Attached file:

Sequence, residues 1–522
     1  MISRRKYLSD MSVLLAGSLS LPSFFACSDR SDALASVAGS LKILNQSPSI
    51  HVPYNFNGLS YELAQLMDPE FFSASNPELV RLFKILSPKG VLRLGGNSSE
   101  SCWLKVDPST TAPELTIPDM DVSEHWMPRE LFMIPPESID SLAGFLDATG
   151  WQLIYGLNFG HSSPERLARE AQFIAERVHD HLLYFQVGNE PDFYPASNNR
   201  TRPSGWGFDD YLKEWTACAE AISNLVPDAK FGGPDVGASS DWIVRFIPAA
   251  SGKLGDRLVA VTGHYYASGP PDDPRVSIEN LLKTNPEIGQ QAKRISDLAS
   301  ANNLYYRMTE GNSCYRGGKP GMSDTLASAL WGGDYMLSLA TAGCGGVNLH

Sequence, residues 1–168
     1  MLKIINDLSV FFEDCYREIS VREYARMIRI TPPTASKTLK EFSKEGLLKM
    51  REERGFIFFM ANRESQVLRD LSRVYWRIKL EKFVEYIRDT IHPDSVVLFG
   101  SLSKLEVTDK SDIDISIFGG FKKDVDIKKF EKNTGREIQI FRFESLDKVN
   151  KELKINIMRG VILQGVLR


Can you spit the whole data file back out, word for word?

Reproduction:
Sequence, residues 1–522
     1  MISRRKYLSD MSVLLAGSLS LPSFFACSDR SDALASVAGS LKILNQSPSI
    51  HVPYNFNGLS YELAQLMDPE FFSASNPELV RLFKILSPKG VLRLGGNSSE
   101  SCWLKVDPST TAPELTIPDM DVSEHWMPRE LFMIPPESID SLAGFLDATG
   151  WQLIYGLNFG HSSPERLARE AQFIAERVHD HLLYFQVGNE PDFYPASNNR
   201  TRPSGWGFDD YLKEWTACAE AISNLVPDAK FGGPDVGASS DWIVRFIPAA
   251  SGKLGDRLVA VTGHYYASGP PDDPRVSIEN LLKTNPEIGQ QAKRISDLAS
   301  ANNLYYRMTE GNSCYRGGKP GMSDTLASAL WGGDYMLSLA TAGCGGVNLH

Sequence, residues 1–168
     1  MLKIINDLSV FFEDCYREIS VREYARMIRI TPPTASKTLK EFSKEGLLKM
    51  REERGFIFFM ANRESQVLRD LSRVYWRIKL EKFVEYIRDT IHPDSVVLFG
   101  SLSKLEVTDK SDIDISIFGG FKKDVDIKKF EKNTGREIQI FRFESLDKVN
   151  KELKINIMRG VILQGVLR